Good Medicine: The Band’s Classic Song, “The Weight,” Sung by Robbie Robertson, Ringo Starr & Special Guests from Around the World

Robbie Robertson’s “The Weight,” the Band’s most beloved song, has the quality of Dylan’s impressionistic narratives. Elliptical vignettes that seem to make very little sense at first listen, with a chorus that cuts right to the heart of the human predicament. “Robertson admits in his autobiography,” notes Patrick Doyle at Rolling Stone, “that he struggled to articulate to producer John Simon what the song was even about.” An artist needn’t understand a creation for it to resonate with listeners.

A read of the “The Weight”’s lyrics make its poignant themes evident—each stanza introduces characters who illustrate some sorrow or small kindness. The chorus offers what so many people seem to crave these days: a promise of rest from ceaseless toil, freedom from constant transactions, a community that shoulders everyone’s burdens…. “It’s almost like it’s good medicine,” Robertson told Doyle, “and it’s so suitable right now.” He refers specifically to the song’s revival in a dominant musical form of our isolation days—the online sing-along.

Though its lyrics aren’t nearly as easy to remember as, say, “Lean on Me,” Robertson’s classic, especially the big harmonies of its chorus (which everyone knows by heart), is ideal for big ensembles like the globe-spanning collection assembled by Playing for Change, “a group dedicated to ‘opening up how people see the world through the lens of music and art." The group’s producers, Doyle writes, “recently spent two years filming artists around the world, from Japan to Bahrain to Los Angeles, performing the song,” with Ringo Starr on drums and Robertson on rhythm guitar. They began on the 50th anniversary of the song's release.

The performances they captured are flawless, and mixed together seamlessly. If you want to know how this was achieved, watch the short behind the scenes video above with producer Sebastian Robertson, who happens to be Robbie's son. He starts by praising the stellar contributions of Larkin Poe, two sisters whose rootsy country rock updates the Allman Brothers for the 21st century. But there are no slouches in the bunch (don’t be intimated out of your own group sing-alongs by the talent on display here). The song resonates in a way that connects, as “The Weight”’s chorus connects its non-sequitur stanzas, many disparate stories and voices.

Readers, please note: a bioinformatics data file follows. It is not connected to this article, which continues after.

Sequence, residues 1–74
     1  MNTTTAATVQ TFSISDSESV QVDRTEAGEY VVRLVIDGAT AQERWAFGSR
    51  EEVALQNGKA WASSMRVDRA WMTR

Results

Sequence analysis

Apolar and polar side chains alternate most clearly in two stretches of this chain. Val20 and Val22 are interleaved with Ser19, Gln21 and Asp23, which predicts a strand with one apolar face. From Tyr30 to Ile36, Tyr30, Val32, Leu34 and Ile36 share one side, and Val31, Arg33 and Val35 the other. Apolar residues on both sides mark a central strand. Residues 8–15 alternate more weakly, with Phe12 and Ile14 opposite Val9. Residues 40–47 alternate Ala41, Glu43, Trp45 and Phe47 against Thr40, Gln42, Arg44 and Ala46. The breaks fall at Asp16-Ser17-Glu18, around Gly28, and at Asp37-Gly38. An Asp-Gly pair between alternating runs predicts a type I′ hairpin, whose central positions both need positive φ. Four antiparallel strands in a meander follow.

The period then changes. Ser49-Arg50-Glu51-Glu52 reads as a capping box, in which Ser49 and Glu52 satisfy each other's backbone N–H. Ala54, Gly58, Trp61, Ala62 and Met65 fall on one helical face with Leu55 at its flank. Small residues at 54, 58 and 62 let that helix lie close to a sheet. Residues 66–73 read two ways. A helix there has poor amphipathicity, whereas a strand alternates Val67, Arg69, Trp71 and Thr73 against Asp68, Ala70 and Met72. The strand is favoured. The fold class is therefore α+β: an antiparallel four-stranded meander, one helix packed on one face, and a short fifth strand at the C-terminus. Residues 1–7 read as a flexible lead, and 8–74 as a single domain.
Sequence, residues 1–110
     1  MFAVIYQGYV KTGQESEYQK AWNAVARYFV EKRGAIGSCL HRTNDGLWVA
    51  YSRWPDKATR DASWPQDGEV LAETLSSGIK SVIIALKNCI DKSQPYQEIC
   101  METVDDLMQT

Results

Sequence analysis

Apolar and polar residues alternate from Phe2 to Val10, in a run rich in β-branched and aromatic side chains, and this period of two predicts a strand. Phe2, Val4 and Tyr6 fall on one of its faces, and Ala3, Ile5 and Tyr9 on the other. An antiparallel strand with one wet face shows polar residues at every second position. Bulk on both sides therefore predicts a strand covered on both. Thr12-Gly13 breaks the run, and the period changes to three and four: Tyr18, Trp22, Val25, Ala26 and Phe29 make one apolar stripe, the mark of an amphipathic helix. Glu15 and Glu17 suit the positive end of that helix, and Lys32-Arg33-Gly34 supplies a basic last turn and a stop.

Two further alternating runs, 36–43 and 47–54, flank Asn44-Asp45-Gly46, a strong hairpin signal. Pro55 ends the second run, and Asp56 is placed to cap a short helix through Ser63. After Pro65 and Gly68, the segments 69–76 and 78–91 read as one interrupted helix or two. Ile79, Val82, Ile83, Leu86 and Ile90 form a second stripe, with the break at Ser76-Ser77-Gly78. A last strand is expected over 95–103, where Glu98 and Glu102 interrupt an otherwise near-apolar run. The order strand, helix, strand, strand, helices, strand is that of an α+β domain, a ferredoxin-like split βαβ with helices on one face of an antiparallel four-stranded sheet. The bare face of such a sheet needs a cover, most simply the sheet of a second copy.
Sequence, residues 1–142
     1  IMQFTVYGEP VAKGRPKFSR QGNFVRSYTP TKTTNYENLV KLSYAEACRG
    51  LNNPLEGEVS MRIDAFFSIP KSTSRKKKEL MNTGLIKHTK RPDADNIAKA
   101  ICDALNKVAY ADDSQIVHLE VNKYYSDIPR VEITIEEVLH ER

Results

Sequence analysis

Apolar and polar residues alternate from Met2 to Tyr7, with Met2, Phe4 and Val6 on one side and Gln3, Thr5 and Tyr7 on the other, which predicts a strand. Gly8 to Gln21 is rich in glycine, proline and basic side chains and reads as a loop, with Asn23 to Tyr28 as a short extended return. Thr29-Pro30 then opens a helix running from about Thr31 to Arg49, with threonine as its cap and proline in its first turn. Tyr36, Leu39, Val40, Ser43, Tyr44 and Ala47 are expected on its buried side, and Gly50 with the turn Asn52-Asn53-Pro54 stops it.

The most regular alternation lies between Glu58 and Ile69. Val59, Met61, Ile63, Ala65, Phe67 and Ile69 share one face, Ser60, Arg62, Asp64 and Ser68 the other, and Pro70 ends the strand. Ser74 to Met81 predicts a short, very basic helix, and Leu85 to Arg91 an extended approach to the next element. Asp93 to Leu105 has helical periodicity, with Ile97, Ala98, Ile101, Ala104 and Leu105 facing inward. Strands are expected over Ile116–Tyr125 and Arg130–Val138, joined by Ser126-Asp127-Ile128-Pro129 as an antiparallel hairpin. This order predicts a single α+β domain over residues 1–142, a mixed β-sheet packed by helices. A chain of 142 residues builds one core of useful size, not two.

Robertson was thrilled with the final product. “There’s a guy on a sitar!” he enthuses. “There’s a guy playing an oud, one of my favorite instruments.” The song suggests there’s “something spiritual, magical, unsuspecting” that can come from times of darkness, and that we’d all feel a whole lot better if we learned to take care of each other. The Playing for Change version “screams of unity,” he says, “and I hope it spreads.”

Related Content:

Stream Marc Maron’s Excellent, Long Interview with The Band’s Robbie Robertson

Watch The Band Play “The Weight,” “Up On Cripple Creek” and More in Rare 1970 Concert Footage

Italians’ Nightly Singalongs Prove That Music Soothes the Savage Beast of Coronavirus Quarantine & Self-Isolation

Josh Jones is a writer and musician based in Durham, NC. Follow him at @jdmagness

Bob Dylan Releases a Cryptic 17-Minute Song about the JFK Assassination: Hear a “Murder Most Foul”

Like an Old Testament prophet with smartphone, Bob Dylan has appeared the midst of catastrophe to drop a new previously unreleased track, “Murder Most Foul,” on Twitter. Ostensibly a 17-minute song about JFK’s assassination, it’s “the first evidence of original songwriting that we’ve had in eight years from one of the most original songwriters of our era,” writes Kevin Dettmar, Professor of English at Pomona College, for The New Yorker.

The move seems like a weird one—“’weird’ with its full Shakespearean force, as in the ‘weird sisters’ of ‘Macbeth.’” Its title, however, comes from Hamlet. Uttered by the ghost of Hamlet’s father, the phrase shows us the murdered king pronouncing judgment on his own death. It is also the title of the third Miss Marple film, released in the U.S. in 1964, the same year (to the month) that the Warren commission submitted its report to Lyndon Johnson.




Is Dylan pulling us into what may be the most bottomless of modern conspiracy theories, with a Shakespearean allusion suggesting we might hear the song as emanating from Kennedy himself? He’s more than aware of what he’s doing with the many specific references to the murder, drawing out the most committed of conspiracy theorists in YouTube comments. As Andy Greene writes at Rolling Stone, “Murder Most Foul” is: